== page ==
Despite these barriers, we have just been able to successfully send a small quantity of project funds for the purchase of some medications that recently became available in Venezuela. Gerardo, the director of the community school, is currently in the city of Bolivar. He was able to speak by radio to Ijtë, also known as Gustavo, who is the health coordinator of the community clinic. A certified nurse, Ijtë was very pleased to learn that the needed medication had been purchased and would shortly arrive.

In December or January, it appears that there may be another opportunity to deliver additional waiting medicines and supplies. We will keep you updated! Meanwhile, thank you again for being part of the fabric of health and wellbeing woven by these Venezuelan Indigenous communities. 

From the book: Community members record data, 2002
From the book: Community members record data, 2002
Conceptual drawing, Joti ecology and territory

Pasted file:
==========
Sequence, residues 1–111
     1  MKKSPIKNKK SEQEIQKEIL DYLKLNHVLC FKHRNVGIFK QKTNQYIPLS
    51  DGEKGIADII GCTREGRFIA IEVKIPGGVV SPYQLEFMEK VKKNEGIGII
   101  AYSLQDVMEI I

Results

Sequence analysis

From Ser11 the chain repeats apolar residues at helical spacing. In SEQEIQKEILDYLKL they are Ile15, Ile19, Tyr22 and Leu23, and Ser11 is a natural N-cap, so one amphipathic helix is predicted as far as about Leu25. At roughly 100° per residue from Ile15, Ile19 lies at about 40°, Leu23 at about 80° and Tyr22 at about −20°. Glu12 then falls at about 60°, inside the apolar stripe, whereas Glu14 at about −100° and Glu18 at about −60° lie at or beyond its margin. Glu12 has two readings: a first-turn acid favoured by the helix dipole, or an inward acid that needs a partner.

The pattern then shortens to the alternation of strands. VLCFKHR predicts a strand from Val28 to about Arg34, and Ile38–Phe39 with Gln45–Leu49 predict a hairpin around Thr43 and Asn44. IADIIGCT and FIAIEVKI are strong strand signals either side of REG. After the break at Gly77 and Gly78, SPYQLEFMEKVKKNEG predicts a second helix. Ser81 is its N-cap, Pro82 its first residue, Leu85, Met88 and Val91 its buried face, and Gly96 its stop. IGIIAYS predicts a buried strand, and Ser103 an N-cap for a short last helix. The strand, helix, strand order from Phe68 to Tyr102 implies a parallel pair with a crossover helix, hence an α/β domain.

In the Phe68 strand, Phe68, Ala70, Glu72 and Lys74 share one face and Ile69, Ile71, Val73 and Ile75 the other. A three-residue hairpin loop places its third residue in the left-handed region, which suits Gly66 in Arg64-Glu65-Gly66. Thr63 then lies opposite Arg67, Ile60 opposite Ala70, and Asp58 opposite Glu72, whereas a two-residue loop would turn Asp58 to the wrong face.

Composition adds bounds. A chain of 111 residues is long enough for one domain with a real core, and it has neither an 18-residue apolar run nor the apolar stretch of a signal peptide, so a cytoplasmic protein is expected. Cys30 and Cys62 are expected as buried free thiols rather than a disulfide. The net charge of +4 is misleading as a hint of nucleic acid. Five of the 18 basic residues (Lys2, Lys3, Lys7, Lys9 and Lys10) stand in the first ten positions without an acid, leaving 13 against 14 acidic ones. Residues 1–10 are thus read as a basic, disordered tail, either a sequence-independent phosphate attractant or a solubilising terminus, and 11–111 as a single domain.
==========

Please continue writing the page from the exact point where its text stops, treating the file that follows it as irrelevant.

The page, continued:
Conceptual drawing, Joti ecology and territory
From the book: Harvesting honey on Joti territory.
From the book: Harvesting honey on Joti territory.
Joti territory, principal settlements shown in red
Joti territory, principal settlements shown in red
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Eglee celebrates with a community elder in Iguana
Eglee celebrates with a community elder in Iguana

We continue to celebrate that the delivery of all 3,000 insecticidal nets and the accompanying antimalarial medications and medical supplies to Venezuelan Indigenous communities, during a brief window of opportunity in February 2019. That near-miraculous feat was buoyed by your generosity, and the knowledge, determination and goodwill of many actors.

On the heels of our last report, Egleé asked me to particularly recognize the support of Steve, of Rotary International, another committed partner of communities in the region. Steve shared the logistical contacts that made possible the international shipping of the nets, covered the cost of one delivery trip, and donated additional nets for the 300 members of one community who sleep in beds, since our nets were specially designed to protect hammock users.

We are incredibly grateful to have gotten nets into the hands of community members before the elevated malarial risk of an unusually wet summer struck: Venezuela is again experiencing extreme weather, with widespread flooding closing overland routes, and fuel shortages grounding privately-owned planes. That combination has kept us in the planning stages of the next stage of the project.